After the excitement of Christmas has worn off in early January, most parents are familiar with the complaint: “I’m boooored!”.
Many of us also worry about our kids’ brains atrophying over the seemingly endless and hot summer.
Of course, kids deserve a break after working hard up until the end of the school year and they need to recharge. But there is a range of activities to help quash the moaning about having nothing to do and keep their young brains engaged. Here are seven ideas to try this summer:
1. Summer reading club
To start with something straightforward, the City of Perth Library, with its fantastic The Attic space for young adult readers, is running a Summer Reading Club from 1 December to 31 January. It’s suitable for kids of any age and they can register on Level 4 to go into the draw to win prizes when they log their reading.
The summer break is also a great time to sample different genres so while you’re encouraging reading, why not suggest a type of book your child may not normally consider? Biographies and autobiographies of sporting identities, for instance, can be inspirational and serve as springboards for family discussions.
2. Coding project
This can be done with a Raspberry Pi which is a relatively low cost, credit-card sized computer that plugs into a monitor or TV and enables people both young and older to learn how to program in languages such as Scratch and Python.
A teenage girl I know spent much of her summer holidays - in Perth and on Rottnest Island (where she took her Raspberry Pi wrapped up in a towel) not only teaching herself coding but also developing an artificial intelligence (AI) chatbot.
The result of what she said was a ‘figure it out as I went kind of thing’ was a robot with a chat interface, like Siri, except questions were typed in and answers appeared on the screen.
3. Board Games
Turn off the devices and get out some gold old-fashioned board games. I have some great memories of Monopoly and Cluedo games with my kids on balmy afternoons, as well as badly played backgammon and chess.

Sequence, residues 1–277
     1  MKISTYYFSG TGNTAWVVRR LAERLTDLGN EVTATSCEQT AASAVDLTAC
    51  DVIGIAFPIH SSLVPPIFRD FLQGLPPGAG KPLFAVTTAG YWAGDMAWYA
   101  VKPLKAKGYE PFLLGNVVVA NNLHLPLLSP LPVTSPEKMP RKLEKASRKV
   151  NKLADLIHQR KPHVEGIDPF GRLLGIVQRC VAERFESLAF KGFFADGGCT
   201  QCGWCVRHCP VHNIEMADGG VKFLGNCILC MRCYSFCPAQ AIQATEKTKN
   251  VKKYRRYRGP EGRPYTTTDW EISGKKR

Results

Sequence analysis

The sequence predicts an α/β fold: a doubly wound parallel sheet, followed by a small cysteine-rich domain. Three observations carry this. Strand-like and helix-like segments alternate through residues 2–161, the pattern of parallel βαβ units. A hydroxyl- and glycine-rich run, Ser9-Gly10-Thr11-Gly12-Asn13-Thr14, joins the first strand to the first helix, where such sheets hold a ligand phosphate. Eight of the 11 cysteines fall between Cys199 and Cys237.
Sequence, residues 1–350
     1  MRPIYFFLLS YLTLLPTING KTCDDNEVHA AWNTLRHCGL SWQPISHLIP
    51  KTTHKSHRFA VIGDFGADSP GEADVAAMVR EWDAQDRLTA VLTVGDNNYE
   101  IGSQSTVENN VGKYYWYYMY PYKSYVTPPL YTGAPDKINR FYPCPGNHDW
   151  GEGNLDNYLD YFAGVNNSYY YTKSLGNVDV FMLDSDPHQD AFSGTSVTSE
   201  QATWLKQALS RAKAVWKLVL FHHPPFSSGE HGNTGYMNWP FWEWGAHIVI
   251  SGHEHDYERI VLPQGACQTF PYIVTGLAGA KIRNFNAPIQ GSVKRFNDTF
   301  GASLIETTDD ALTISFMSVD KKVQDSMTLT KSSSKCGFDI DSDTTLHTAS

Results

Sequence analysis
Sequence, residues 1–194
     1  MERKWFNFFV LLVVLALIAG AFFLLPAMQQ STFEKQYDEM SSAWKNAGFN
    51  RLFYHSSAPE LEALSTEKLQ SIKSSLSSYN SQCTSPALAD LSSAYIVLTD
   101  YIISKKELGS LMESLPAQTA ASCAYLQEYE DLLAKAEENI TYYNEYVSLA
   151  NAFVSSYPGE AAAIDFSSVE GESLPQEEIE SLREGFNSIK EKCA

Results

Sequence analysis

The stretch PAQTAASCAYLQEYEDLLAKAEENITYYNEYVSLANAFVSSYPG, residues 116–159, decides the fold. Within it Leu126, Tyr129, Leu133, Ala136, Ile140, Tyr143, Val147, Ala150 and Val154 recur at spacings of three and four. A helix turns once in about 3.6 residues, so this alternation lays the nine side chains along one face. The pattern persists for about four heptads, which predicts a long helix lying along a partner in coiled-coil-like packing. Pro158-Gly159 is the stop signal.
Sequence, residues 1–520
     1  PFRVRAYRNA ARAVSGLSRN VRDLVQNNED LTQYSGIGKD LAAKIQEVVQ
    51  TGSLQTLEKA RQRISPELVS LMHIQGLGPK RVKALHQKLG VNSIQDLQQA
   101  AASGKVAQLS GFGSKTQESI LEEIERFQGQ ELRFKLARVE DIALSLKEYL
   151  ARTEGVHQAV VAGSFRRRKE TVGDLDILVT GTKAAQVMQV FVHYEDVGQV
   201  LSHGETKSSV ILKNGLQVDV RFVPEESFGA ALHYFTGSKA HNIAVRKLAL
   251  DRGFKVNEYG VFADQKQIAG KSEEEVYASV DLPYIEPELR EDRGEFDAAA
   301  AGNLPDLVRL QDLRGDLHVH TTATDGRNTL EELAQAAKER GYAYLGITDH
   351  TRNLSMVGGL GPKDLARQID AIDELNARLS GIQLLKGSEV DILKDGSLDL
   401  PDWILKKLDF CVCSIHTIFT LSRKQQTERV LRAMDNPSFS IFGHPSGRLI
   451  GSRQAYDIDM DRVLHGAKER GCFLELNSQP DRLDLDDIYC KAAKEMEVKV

Geocaching is like a free treasure hunt using GPS technology that helps locate little hidden treasures all across Perth, WA and even the world!
You can get involved and create a free account at www.geocaching.com. The website and the free app show the three closest geocache ‘treasures’ to your current location.
Once you’ve walked or driven to the location, the app shows you how far you are from the hidden ‘treasure’ and in what direction to head. It’s recommended to take some little toys or things along to swap. You can also leave messages online about your experience and check to see if someone has found what you left at a location.
5. Language immersion
Having studied languages myself I know how important it is for Trinity students studying Italian - or any language other than English - to maintain a level of competency in it during the long break. This can be done through books, magazines, apps, age-appropriate movies.
I used to spend some of my holidays in the latter years of high school watching whatever movies were screened on SBS and looking at magazines and books from the library. Now there are apps such as Duolingo, which can send daily reminders of its fun activities even just for five minutes of the day.
6. Writing challenge
This may not be for everyone, but I set one of these for my son a couple of years ago. He often started writing stories but would leave them unfinished at a few hundred words. So, I promised him a meal at his favourite burger restaurant if he finished at least 1000 words by the end of the holidays. His story didn’t have a conclusion, but he hit the milestone word limit and got his burger - and, I like to think, a sense of satisfaction from his efforts.
7. Become a tourist
Explore the city as a tourist and learn more about science, art, nature and our local history at attractions such as Scitech, the Art Gallery of WA, AQWA, The Perth Mint and the WA Maritime Museum. The Fringe Festival also kicks off on 17 January, with a variety of family-friendly shows and attractions.
Whatever your family does this summer, we hope you all have a safe and happy break!